Monday, July 04, 2011

My Square Foot Gardening Disaster

This is my third summer with a Square Foot Garden. Every year has been full of hope and promise but devoid of results. The premise of the square foot gardens is that with a high-quality soil blend, you can grow a lot of produce in small areas. The soil is theoretically so rich and abundant that you don't even need deep gardens. So 2 years ago I put out a lot of money to create 3 square gardens that hold 16 square feet each and to make a really fabulous soil blend with vermiculite, peat moss, and a bajillion kinds of compost. Each year it's started out well, but the plants never really take off and thrive.  This year, soil tests showed that my garden was completely devoid of essential nutrients, so I've been fertilizing organically, but my garden is still doing what it always does--not much.

Take for example the zucchinis.  Two plants from the same batch, planted at the same time. The one on the left is in the square foot garden, and just very recently started growing a little. Despite its tiny size, it has bloomed, but I've seen this other years. The tiny plants can't grow a proper squash, so it will get to be a few inches then go soft and rotten on the vine, never reaching a proper size. The one on the right was planted in a container bag into planting soil that I bought for $9.99 at the gardening store. The one on the right is flourishing and I have confidence that those blossoms will actually bear fruit.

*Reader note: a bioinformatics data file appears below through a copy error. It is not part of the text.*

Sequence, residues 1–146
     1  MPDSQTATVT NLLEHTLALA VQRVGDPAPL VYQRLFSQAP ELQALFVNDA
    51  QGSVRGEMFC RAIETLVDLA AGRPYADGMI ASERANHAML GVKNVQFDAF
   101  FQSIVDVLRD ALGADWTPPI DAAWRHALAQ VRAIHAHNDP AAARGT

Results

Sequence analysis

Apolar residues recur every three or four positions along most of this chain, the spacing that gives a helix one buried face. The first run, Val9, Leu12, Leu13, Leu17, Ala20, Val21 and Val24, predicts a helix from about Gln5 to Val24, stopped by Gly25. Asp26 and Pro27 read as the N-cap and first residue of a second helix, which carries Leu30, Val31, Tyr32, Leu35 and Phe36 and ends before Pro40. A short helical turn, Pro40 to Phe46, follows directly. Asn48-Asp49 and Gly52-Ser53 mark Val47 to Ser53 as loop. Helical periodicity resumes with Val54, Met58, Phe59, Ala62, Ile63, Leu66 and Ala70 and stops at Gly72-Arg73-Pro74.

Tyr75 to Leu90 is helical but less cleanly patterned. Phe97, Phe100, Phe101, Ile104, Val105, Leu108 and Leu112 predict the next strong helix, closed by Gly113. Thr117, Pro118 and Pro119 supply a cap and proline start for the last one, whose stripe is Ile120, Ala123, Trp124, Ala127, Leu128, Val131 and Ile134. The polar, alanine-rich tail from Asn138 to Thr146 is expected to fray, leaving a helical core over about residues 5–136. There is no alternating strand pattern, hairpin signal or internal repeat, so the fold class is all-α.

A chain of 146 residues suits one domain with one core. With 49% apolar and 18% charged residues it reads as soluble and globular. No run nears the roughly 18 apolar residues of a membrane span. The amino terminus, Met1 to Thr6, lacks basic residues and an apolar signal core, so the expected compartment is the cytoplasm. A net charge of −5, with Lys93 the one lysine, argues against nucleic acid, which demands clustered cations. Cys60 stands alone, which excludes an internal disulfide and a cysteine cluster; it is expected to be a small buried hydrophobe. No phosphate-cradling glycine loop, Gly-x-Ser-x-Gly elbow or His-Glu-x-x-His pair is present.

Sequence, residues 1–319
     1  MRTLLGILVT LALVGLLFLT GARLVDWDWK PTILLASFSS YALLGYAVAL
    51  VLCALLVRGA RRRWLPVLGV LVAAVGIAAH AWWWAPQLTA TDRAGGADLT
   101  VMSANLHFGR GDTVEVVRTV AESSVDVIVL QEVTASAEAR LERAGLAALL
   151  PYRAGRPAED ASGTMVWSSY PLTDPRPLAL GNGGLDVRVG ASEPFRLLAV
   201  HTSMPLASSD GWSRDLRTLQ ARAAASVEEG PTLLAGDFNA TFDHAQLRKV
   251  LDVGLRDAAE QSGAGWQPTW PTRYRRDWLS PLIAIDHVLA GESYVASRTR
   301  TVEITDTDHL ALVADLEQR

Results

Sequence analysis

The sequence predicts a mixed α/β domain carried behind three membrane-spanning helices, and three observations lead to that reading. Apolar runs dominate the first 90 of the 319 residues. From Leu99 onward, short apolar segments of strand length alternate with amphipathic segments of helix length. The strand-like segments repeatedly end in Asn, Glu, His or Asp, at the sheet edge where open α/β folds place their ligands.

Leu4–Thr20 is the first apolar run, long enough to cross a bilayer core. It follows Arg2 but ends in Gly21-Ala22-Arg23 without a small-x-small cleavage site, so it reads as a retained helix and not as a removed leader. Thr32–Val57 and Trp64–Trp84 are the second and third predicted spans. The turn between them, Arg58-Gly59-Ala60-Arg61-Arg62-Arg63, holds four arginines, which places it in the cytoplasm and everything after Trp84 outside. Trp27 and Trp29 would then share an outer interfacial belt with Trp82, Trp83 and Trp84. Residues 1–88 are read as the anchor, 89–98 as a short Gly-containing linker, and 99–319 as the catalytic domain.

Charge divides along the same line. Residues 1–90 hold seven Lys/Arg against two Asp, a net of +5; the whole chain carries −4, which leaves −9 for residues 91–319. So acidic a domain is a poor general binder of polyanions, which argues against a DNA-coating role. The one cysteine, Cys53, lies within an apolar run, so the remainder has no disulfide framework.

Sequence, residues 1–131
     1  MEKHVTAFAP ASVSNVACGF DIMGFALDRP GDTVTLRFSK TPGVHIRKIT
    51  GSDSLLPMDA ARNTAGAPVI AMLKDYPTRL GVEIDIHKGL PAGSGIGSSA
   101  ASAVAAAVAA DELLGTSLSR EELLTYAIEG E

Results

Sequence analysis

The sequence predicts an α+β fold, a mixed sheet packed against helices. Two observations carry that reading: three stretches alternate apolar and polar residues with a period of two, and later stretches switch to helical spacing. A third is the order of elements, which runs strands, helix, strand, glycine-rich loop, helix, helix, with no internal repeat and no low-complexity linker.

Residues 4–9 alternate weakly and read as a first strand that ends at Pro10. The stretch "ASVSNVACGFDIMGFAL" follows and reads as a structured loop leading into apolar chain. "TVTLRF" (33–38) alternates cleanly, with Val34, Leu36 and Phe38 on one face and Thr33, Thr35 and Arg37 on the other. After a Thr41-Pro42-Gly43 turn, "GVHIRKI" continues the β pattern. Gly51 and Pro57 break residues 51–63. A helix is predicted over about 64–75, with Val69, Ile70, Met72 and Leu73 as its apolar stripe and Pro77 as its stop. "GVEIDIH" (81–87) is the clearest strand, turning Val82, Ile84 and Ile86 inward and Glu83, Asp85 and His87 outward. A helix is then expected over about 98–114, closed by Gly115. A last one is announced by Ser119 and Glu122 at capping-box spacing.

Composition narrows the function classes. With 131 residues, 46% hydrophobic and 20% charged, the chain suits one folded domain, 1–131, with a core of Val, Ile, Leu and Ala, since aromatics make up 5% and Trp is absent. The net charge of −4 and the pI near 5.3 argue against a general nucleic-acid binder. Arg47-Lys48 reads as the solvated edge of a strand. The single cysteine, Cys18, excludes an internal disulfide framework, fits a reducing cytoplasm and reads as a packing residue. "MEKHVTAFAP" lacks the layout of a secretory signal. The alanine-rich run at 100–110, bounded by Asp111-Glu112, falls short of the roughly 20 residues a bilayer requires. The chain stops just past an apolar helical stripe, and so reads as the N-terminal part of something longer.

Similarly, I have 4 tomato plants in the square foot garden, and one in a container bag. The ones in the garden on the left are tiny, with a few odd blossoms. The one in the container is huge and has set fruit.

In past years, I've had promising potato plants, but the harvest always turns out to be about the same number of potatoes as I planted.  So again, the potatoes have been put into bags. The plants started out in 4" of soil at the bottom of the bags, and bit by bit I've added enough soil until the bags are full. No guarantees that I'll get a bigger harvest this year, but I hope so.

The square foot garden that formerly held potatoes has now become my onion and carrot garden. The onions are flourishing but the carrots aren't. I hope that under those huge green onion tops are delicious and oniony onions, but considering how my potato plants looked great but had not much under the soil, I'm not confident.

Conclusion: These shallow square feet gardens aren't as effective as the book promised. It's just not as easy as they say to get soil that's so fabulous it can grow good plants in tiny spaces. If I total up the cost of the building materials, the soil, and then all the fertilizers, composts, and worm castings I've purchased to try to get something to grow, it's embarrassing. It makes gardening look like a casual pursuit of the wealthy and privileged, rather than a frugal way to expand one's food budget. Sure, a lovely homegrown tomato is priceless, but I don't have limitless money to throw away on trying to grow one. I could have bought bushels of fabulous produce every summer at the farmer's market for a lot less money.

Sunday, July 03, 2011

Copper in the sun

It's 97F/36C out there. We're melting! We're melting!

What better time than a stinkin hot day to finish up a cozy pair of hand warmers.

The last of the Copper yarn is all used up.

Plus, if i may whine for just a moment, these little warmers had SIXTEEN ends to weave in. Yes, SIXTEEN. Thank goodness for chilly basements where one can weave in ends without baking to death.